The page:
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The Age of DevOps

The Most Valuable Resource of All: Time This post was authored by Paul Asadoorian, CEO and founder of Security Weekly. Over the last twenty years we have witnessed dramatic changes in the way companies write and ship code. First there was Waterfall, followed by the Agile movement in the early 2000’s, and now we find […]
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Offensive Operating Against SysMon, Carlos Perez – Paul’s Security Weekly #577

Carlos Perez delivers the Technical Segment on How to Operate Offensively Against Sysmon. He talks about how SysMon allows him to create rules, and track specific types of tradecraft, around process creation and process termination. He dives into network connection, driver loading, image loading, creation of remote threats, and more! Full Show NotesVisit our website: […]
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Mail Security Tester – A Testing Framework For Mail Security And Filtering Solutions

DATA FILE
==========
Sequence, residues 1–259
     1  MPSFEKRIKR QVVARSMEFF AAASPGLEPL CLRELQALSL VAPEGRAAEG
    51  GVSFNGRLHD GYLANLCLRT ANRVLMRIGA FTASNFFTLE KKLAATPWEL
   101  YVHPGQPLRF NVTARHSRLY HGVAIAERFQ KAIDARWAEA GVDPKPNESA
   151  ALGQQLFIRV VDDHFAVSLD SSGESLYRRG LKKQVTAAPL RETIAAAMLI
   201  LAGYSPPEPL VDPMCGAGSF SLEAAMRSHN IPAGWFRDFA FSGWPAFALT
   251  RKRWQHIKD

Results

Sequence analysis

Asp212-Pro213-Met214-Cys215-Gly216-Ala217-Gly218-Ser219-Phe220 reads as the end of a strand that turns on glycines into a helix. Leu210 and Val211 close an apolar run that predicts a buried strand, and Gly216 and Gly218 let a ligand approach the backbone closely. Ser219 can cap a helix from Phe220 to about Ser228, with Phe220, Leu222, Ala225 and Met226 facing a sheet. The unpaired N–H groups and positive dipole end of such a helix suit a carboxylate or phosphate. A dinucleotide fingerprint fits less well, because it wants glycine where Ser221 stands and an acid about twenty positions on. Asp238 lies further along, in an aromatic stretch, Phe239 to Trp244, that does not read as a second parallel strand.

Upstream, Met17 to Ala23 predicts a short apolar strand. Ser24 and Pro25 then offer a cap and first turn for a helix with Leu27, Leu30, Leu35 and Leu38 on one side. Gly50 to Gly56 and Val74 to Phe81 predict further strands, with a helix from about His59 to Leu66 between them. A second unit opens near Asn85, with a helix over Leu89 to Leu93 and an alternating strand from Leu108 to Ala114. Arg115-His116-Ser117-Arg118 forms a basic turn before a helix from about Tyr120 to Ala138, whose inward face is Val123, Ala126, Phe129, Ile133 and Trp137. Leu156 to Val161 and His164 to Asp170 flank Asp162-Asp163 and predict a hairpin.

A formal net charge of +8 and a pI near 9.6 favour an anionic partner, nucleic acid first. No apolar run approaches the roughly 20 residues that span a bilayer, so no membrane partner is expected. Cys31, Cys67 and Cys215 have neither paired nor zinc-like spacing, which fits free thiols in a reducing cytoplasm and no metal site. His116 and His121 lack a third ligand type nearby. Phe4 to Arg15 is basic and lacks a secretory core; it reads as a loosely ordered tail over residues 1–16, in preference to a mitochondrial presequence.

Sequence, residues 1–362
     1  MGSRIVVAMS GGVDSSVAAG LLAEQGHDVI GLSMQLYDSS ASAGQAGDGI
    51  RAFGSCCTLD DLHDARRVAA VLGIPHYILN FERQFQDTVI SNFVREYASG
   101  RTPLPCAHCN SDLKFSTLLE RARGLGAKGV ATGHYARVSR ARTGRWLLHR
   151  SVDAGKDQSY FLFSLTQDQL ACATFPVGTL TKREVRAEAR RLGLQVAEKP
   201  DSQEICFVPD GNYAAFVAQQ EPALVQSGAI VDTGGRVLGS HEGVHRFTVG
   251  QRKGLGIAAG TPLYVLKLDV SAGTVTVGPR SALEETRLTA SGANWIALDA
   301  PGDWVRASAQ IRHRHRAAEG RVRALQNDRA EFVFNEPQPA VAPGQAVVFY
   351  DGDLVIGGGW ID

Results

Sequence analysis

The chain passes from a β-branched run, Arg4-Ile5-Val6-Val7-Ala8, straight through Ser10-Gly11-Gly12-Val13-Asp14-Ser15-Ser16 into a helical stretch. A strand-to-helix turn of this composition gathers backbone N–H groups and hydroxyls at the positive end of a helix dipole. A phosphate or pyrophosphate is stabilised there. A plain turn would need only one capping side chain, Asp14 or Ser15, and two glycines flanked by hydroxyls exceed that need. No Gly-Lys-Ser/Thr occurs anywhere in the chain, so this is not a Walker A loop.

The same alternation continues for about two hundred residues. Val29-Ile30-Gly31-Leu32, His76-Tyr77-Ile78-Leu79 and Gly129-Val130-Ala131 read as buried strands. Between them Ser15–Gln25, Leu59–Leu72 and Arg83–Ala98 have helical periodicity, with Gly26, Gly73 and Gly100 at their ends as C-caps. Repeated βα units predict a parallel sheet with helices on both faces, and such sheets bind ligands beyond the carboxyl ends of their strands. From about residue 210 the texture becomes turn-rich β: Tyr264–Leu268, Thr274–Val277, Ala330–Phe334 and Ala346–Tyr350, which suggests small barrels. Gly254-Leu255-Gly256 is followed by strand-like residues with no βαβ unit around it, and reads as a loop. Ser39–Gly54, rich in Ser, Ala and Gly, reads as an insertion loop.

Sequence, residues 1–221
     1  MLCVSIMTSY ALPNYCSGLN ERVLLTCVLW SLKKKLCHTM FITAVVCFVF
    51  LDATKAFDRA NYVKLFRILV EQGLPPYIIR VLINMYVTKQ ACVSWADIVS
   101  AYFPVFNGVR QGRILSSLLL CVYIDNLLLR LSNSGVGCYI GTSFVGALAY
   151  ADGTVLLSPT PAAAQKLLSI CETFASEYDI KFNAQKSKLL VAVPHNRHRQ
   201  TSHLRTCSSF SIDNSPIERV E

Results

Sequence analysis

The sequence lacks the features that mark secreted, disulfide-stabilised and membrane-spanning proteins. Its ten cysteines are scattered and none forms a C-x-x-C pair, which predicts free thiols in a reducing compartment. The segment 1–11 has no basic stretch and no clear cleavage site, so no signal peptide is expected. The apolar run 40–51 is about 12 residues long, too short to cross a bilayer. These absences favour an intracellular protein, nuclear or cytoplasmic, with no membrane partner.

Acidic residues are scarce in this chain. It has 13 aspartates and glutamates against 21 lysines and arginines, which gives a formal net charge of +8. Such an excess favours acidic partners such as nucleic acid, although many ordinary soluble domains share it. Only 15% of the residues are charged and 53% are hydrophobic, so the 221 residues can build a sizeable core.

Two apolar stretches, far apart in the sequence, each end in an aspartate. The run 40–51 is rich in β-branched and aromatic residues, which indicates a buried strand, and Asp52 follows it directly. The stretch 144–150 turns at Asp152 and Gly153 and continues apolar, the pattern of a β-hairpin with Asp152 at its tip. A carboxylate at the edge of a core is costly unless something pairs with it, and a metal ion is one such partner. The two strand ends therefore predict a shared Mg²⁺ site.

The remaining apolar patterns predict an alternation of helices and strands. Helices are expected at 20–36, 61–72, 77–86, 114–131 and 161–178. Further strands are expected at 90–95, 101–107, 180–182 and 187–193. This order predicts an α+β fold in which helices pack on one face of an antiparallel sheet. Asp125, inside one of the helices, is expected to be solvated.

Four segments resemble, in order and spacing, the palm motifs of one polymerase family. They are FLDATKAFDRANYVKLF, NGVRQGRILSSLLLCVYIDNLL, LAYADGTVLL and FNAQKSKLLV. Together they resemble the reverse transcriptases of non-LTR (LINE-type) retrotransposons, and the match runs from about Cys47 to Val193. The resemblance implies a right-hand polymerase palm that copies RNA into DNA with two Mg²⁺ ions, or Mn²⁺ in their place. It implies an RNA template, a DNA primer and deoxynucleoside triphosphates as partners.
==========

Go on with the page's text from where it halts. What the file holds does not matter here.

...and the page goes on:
A testing framework for mail security and filtering solutions.IMPORTANT: Don’t do anything evil with this! Tests of cloud or otherwise hosted solutions should always be approved by the tested provider. Only use your own test accounts and don’t annoy anyone with a load of test mails.InstallationThe mail security testing framework works with with Python >=3.5. Just pull this repository and go ahead. No further dependencies are required.UsageThe script mail-tester.py runs the tests. Read the help message with ./mail-tester.py –help and check the list of test and evasion modules with ./mail-tester.py -l to get an overview about the capabilities and the usage of the script. Some hints:At least the parameters –smtp-server and –to should be given for a minimal test run.All parameters can also be stored in configuration files without the prefix –. These configuration files can be used by invoking ./mail-tester.py @tester.conf (configuration contained in tester.conf).Multiple recipients can be configured with –to for testing of different filter configurations.Some mail filtering solutions may reject messages after a while. Use –auto-delay for automatic throttling of the mails. This can be fine-tuned with –delay-step, –delay-max and –delay.Some tests (Spam and Malware) require samples. Put these in directories and configure these directories with –spam-folder and –malware-folder parameters. The samples are not included in this repository (and will not be). Good places to get malware are theZoo, Das Malwerk or other collections. Spam can be exported straight from yout Spam folder, but must be in EML format.Blacklists can be supplied with the –blacklist parameter and are used as sender addresses.The Shellshock and subject XSS test cases should have a valid backconnect domain, where you are able to see any backconnects (especially DNS requests). The free Canary Tokens service can be used for this purpose. Thanks to Thinkst for providing this awesome service!Some neat attachment recognition evasion tricks can be enabled with –evasion content-disposition. These were used in the past to confuse AV/sandboxing solutions and let them pass malicious mails.Don’t forget to log the test results with –log. Mail filtering providers often reject mails in the SMTP dialog, which is reflected in the generated log.Test cases can be dumped with –output as plain files in a directory, in MBox (–mbox) or MailDir (–maildir) format. This is useful to test mail user agents without sending any mails, to document or review generated test cases.Development and ExtensionTestsOwn tests can be implemented with a class in one of the iexisting or newly created Python files in the tests/ directory. The class must be a subclass of MailTestBase located in the module tests.base of this project. Newly implemented tests are discovered automatically when the class variable active is set to True. Further (if you plan to contribute tests back to the main repository), the class variables identifier, name and description should be set appropriately.The following base classes exist with methods or class variables intended for overriding:MailTestBase: Test class for generic tests.generateTestCases(): Yields test messages. These should be generated with the MIME* classes from the Python email.mime.* packages or with the Message class from email.message to ensure valid mail messages.active: Boolean value if test should be active.identifier: Short identifier of the test. This one is used to enable or disable tests in parameters.name: Short test title.description: Longer test description, should fit within approximately 100 characters.delivery_sender and delivery_recipient: Boolean values, False by default. Normally, the sender and recipients are set in the message and the Python SMTP module takes them over from there. Sometimes it is desirable to set them explicitely in the SMTP library, which can be configured by setting this values to True.finalizeMessage(msg): By default, the base test class sets the From and To headers accrodingly. This behaviour can be overridden if required for the test case.MailAttachmentTestBase: Test class for attachment test cases. This generates a complete valid mail with a Subject and a text part and attaches the test case to it. Derived from MailTestBase, therefore the methods/variables from it can be overridden here, too.generateAttachments(): Yields test cases as (description, attachment) tuples.subject: Sets the subject. The place holder {} is replaced by the description yielded by generateAttachments().generateTestCases(): is already overridden with an implementation of the message generation described above, but may be further adapted if required.Setting the subjects of generated messages is highly recommended to be able to recongize the tests in the receiving inbox.EvasionsEvasion classes implement techniques for evading recognition of particular mail properties by mail security solutions. Currently, a evasion technique that tries to hide attachments from such solutions by intentionally broken Content-Disposition headers is implemented.Implement new EvasionsEvasions are implemented by a factory class pattern. The DeliveryBase class instantiaties a factory class derived from the BaseEvasionFactory class. The factory constructor receives a flag that indicates if the evasion is activated. The evasion factory instance is then passed to the test class and stored in its evasions attribute that contains a dict with the evasion identifiers as keys. Inside the test, a evasion class (based on EvasionBase) is instantiated with getEvasionGenerator(). The constructor parameter are defined individually per evasion technique.The following base classes are used to implement evasions:BaseEvasionFactory: Evasion factories must be based on this class. Usually, only the following class variables should be set:active: Set to True if the evasion should be active.identifier: Short identifier of the evasion module used for enabling it in the test configuration.name: Short title of the evasion technique.description: Longer description of the evasion technique. Should fit in approximately 100 characters.generator_evasion: Evasion class that is instantiated if the evasion is enabled.generator_default: Evasion class that is instantiated if the evasion is disabled.BaseEvasion: Implementation of evasions must be a subclass of this base class. The following method must be overridden:__init__(): Should instantiate the class with the base message or attachment that should be manipulated with evasion techniques.generate(): Apply the evasion technique to the object passed to the constructor and yield it to the caller as (description, object with evasion applied) tuple.Generally, the evasion class should yield all evasion variants and pass the default as dedicated test case, while the default evasion classes only pass the given object or create the required data structures, like headers.Using Evasion Techniques in Test CasesEvasion techniques are used in test cases where they are applicable. E.g. if an evasion technique manipulates the header of a mail or attachment, the following steps have to be implemented:Generate the base object (mail or attachment) without consideration of the evasion.Instantiate the appropriate evasion class by utilization of the evasion factory instance from self.evasions, e.g.: evasion_items = self.evasions[“evasion_identifier"].getEvasionGenerator(message)Iterate over the generator and yield the test cases:for evasion_item in evasion_items: yield evasion_itemUsage of the Content Disposition Evasion TechniqueThe content disposition evasion technique is already implemented in the framework and should be used for all test cases that target on the recognition of malicious attachments. The constructor receives an attachment and the intended file name. The evasion class then yields (evasion name, attachment with applied evasion technique) tuples that can directly be yielded by the tests generateAttachments() method.Download Mail-Security-Tester